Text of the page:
Showing posts with the label Amateur Radio in Hawaii

Simple antennas for the Hawaii Island Amateur Radio Operator, a continuing series

Happy Thanksgiving to all!  I'll return to my diet after I eat the traditional feast of turkey, sweet potatoes, cranberries, assorted vegetable, and some pumpkin dessert.  I walked an extra 2 miles today to compensate for my once a year indulgence.  I know, what I consume will take a marathon run to erase.  I'll try to limit my portions--at least that's the idea anyway. Among the articles I read over the past few days, were some of the comments from hams living in CC &  R and otherwise restrictive environments.'s antenna forum contains several interesting articles that may prove useful to those of us challenged by our lack of real estate.  One operator whose call escapes me at the moment mentioned his successful use of the MFJ-1622 Apartment Antenna that allows coverage from 40 through 2 meters.  The antenna is described on page 69 of MFJ's 2012 Ham Catalog.  The antenna consists of a sturdy clamp for attachment, a "bug catcher" loading co

Simple Antennas for the Hawaii Amateur Radio operator, a continuing series

A loop approach to restrictive antenna conditions. As I was reading the November 2011 "QST" today, I ran across an interesting antenna idea from Cristian Paun, WV6N.  His article entitled "An Antenna Idea for Antenna Restricted Communities" on page 35 really hit home.  My space restrictions are severe and the antennas I use certainly work (inverted "vees", vertical monopoles, and loops), but they could be better and perhaps even smaller.  Cristian describes a small loop he built and placed in his garden.  Previously, he had been using various mobile antennas between 3.5 and 30 MHz with some degree of success.  He wondered if he could use less space and yet produce results surpasing his best efforts.  Apparently, the small magnetic loop he designed and used proved most useful, with some improvement over the mobile antennas he once used.  Cristian's instructions are fairly simple and the final product is attractive, discrete, and almost sculture-like.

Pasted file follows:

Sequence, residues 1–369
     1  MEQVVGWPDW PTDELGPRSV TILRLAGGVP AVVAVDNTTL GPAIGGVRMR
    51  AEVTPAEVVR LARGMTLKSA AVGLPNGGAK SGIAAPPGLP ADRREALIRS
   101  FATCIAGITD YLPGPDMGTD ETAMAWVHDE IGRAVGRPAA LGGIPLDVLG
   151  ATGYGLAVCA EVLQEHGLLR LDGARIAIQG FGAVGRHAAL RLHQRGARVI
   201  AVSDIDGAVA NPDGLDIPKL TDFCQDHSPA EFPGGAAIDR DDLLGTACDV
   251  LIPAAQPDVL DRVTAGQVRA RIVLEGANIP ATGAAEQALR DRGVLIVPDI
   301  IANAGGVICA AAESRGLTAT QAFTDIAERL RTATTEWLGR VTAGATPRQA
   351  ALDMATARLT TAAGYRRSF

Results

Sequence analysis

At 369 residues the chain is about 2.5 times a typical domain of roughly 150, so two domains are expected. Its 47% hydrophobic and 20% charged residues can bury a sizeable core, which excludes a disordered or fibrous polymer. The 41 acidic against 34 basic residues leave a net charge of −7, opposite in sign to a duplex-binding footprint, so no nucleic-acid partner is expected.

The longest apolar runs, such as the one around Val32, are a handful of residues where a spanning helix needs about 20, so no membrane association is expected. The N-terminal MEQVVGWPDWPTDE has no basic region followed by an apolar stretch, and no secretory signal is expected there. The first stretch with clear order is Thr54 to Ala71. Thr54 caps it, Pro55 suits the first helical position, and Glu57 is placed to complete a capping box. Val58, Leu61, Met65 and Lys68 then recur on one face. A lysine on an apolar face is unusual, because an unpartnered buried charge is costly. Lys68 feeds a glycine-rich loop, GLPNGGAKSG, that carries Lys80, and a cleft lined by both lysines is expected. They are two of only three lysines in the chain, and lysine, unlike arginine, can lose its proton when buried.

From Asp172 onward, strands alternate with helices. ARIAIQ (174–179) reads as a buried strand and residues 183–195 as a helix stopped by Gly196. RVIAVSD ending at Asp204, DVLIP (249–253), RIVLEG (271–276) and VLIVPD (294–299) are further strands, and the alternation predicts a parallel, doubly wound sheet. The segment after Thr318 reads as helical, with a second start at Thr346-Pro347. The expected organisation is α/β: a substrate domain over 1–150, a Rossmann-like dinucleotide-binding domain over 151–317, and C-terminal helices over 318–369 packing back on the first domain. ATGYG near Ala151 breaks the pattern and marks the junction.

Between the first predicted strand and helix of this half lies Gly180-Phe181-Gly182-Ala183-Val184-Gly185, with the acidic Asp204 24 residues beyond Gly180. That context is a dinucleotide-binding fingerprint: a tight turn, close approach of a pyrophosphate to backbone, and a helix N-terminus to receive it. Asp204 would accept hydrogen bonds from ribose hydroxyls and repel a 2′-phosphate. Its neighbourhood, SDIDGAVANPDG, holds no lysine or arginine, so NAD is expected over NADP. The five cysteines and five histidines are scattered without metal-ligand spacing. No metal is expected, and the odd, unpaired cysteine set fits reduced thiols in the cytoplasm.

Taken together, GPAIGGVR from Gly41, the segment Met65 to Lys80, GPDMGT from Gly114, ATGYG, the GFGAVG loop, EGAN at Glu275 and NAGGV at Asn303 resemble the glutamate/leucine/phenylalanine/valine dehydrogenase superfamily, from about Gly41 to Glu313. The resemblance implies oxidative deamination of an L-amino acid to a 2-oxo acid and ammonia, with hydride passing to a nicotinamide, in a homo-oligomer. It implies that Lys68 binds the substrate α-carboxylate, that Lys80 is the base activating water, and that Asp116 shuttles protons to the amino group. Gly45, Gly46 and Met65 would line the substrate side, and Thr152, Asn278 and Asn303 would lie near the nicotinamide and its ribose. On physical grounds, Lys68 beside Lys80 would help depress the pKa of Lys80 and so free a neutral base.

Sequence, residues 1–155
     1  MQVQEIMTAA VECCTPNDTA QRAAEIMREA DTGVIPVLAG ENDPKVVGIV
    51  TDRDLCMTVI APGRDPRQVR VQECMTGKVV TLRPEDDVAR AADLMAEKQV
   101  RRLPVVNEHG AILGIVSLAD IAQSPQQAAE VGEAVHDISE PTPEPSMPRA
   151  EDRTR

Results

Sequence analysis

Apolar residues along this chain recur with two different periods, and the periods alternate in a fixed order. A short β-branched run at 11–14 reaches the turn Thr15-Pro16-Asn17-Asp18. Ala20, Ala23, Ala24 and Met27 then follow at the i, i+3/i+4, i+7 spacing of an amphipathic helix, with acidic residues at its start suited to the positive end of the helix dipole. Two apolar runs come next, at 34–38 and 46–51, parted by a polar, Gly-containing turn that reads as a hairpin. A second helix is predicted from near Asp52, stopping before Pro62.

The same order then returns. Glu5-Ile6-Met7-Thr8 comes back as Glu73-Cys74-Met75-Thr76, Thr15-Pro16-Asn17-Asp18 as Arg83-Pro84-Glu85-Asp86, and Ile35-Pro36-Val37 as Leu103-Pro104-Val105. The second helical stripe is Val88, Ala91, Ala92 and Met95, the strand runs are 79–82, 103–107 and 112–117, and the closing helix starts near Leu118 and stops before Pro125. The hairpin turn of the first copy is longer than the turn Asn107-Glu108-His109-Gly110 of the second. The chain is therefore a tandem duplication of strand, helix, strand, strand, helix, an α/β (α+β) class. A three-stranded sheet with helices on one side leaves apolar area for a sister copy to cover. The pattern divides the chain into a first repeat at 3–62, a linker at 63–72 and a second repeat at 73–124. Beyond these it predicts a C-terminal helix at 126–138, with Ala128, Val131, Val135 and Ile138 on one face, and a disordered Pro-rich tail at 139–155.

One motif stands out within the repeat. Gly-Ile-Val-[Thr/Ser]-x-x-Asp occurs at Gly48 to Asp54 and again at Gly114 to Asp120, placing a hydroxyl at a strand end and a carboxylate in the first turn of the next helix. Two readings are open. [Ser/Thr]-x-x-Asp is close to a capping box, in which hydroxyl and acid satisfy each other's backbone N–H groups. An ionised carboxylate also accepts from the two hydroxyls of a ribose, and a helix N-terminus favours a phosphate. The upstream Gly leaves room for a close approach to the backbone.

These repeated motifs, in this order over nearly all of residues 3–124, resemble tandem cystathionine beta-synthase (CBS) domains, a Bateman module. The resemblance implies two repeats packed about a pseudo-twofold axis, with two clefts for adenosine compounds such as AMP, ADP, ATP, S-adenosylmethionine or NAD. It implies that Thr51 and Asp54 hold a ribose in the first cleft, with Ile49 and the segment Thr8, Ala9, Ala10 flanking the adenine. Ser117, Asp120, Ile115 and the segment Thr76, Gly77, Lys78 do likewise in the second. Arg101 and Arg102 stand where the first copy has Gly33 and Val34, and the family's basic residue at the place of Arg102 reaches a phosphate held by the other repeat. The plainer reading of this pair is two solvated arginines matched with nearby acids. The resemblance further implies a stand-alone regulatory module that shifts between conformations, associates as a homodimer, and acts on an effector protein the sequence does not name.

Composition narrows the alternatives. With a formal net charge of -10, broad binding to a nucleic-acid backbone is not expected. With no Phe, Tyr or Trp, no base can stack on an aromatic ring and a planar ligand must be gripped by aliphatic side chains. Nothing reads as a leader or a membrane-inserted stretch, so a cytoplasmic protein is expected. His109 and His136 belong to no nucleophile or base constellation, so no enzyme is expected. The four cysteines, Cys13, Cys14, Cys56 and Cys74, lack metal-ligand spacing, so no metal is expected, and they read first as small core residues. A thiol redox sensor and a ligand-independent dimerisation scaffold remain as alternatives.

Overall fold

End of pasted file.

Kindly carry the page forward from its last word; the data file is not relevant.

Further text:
KH6JRM's Amateur Radio Blog

New Beginings On 30 September 2011, I left my post as News Director of Pacific Radio Group (Hawaii Island) to enter a new phase of my life--that of retired  senior citizen.  After almost 40 years of delivering the news, questioning politicians, and answering thousands of phone calls from the thoroughly sane to those bordering on the truly outrageous, I've turned off the Shure S-7 broadcast micorphone and opted for a more quiet life along the Hamakua Coast of Hawaii Island.  Presently, I attending recertification classes to qualify for a substitute teachers certificate  so I can teach at the same school my xyl does.  So much for idle time. The Old Antenna Farm gets a face lift. With retirement and some teaching time, I'll be able to devote more attention to squeezing every last watt out of my modest range of antennas--the inverted 40-meter "vee", the 40-meter vertical, and the 40-meter loop under the house.  In the past, my amateur radio time has been spotty beca